To add some color to the energy sector challenges Teekay faces, the company received a termination notice for a large charter contract from Repsol in November 2015. Repsol is a Spanish integrated energy company that has aggressively stepped up cost-cutting efforts as the price of oil has fallen and their profits went negative (EUR 2 billion in Q4). (http://www.marketwatch.com/story/repsol-profit-plunges-more-than-40-2016-05-05) Repsol is just one example of the types of challenges Teekay faces, and we’ll cover risk factors in further detail later in this report.
Teekay’s Cash Flows
Generating strong revenues hasn’t necessarily been the challenge for Teekay over the last several years as they have grown from $901 million in 2012, to $931 million in 2013, to $1 billion in 2014 and $1.2 billion in 2015 (and revenue was a healthy $307 million in Q1 2016 http://www.google.com/finance?q=NYSE%3ATOO&fstype=ii&ei=pjxCV8GFE5PAmAGouJywCA http://www.streetinsider.com/ec_earnings.php?q=too The challenge has been (and continues to be) balancing the cash inflows and outflows. Specifically, Teekay’s business requires heavy capital expenditures, and like other companies in the industry Teekay has used considerable amounts of debt to finance them. The following chart gives some perspective on the capital expenditure and debt balancing challenges Teekay faces in the coming years.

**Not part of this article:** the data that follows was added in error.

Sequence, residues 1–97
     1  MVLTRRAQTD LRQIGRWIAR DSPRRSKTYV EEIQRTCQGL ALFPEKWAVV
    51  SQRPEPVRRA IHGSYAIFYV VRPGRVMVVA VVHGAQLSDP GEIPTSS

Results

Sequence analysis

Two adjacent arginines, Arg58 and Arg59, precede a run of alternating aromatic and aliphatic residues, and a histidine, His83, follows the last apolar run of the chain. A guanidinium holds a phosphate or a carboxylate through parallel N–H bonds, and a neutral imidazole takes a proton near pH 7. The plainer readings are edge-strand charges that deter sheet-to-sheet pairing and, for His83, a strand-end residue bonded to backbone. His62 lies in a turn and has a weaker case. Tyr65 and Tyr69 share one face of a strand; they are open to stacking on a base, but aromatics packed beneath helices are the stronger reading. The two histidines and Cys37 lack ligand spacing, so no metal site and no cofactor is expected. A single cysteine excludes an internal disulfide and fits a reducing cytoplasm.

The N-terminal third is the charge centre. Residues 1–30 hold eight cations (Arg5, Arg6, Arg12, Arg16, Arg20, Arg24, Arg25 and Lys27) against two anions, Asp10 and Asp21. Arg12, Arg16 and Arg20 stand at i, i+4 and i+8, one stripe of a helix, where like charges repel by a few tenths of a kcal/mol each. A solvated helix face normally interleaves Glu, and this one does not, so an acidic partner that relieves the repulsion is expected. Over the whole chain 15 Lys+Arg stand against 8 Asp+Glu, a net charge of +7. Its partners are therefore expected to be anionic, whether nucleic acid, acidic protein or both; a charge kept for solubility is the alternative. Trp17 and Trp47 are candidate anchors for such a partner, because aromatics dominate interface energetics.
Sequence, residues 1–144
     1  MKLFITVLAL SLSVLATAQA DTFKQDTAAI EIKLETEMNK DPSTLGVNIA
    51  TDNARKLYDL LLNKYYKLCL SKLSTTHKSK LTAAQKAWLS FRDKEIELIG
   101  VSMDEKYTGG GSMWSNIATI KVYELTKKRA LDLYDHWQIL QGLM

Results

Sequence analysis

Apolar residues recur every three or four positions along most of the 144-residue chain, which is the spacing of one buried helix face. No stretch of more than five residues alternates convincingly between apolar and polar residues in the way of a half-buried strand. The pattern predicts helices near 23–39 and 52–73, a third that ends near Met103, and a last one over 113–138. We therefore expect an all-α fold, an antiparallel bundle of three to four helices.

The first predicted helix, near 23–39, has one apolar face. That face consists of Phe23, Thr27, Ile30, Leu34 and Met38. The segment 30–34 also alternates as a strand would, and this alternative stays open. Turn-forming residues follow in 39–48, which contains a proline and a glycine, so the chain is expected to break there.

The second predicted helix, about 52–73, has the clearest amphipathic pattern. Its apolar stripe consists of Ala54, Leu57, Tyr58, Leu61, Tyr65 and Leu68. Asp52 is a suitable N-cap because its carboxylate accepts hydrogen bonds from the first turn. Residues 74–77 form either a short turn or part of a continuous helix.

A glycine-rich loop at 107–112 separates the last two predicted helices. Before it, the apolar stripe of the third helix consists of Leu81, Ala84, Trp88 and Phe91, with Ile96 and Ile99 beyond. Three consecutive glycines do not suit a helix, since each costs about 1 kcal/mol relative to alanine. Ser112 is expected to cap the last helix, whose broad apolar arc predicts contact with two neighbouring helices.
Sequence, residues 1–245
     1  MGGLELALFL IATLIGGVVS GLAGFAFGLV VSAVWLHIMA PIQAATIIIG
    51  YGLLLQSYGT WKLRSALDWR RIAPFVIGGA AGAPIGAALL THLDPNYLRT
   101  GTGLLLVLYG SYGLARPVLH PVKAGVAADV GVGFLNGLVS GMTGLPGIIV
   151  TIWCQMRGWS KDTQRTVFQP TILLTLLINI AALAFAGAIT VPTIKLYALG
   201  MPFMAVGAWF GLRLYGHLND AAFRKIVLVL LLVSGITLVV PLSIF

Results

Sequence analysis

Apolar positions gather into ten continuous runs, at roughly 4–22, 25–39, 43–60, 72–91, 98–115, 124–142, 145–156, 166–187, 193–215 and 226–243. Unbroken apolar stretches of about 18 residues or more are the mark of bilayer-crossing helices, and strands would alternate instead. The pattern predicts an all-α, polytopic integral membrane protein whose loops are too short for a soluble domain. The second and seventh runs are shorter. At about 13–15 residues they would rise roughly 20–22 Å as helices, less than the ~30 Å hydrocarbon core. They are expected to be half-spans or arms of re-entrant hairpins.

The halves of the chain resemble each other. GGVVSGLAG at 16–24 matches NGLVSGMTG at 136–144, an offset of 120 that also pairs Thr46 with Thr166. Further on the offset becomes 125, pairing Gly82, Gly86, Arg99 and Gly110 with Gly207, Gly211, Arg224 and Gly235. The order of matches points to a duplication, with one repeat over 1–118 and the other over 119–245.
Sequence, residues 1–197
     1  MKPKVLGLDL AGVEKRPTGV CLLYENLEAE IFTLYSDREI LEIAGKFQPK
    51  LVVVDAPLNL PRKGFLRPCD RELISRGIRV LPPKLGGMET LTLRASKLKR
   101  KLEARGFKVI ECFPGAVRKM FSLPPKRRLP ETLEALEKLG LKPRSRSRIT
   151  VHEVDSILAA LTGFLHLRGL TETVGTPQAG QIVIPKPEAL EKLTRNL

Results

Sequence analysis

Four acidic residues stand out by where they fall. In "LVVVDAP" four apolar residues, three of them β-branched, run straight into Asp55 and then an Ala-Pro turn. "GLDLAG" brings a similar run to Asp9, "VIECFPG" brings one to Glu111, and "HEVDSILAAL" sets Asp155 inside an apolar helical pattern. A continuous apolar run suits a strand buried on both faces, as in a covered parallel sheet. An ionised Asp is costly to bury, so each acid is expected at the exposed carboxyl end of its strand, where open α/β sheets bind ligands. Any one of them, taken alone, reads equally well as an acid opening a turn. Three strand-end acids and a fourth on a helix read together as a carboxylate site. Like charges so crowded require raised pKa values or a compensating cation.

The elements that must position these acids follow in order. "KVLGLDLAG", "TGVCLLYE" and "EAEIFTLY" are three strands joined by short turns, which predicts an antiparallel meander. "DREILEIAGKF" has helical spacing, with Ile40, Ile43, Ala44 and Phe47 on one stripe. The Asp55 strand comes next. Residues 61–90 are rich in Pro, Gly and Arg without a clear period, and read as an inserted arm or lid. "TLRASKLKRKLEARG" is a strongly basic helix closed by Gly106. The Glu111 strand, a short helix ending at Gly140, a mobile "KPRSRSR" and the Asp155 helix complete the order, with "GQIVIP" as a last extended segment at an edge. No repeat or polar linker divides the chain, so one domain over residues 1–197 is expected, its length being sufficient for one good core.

And for more granular perspective, this next chart shows more detailed information on the expected sources and uses of cash flow in 2016 and 2017.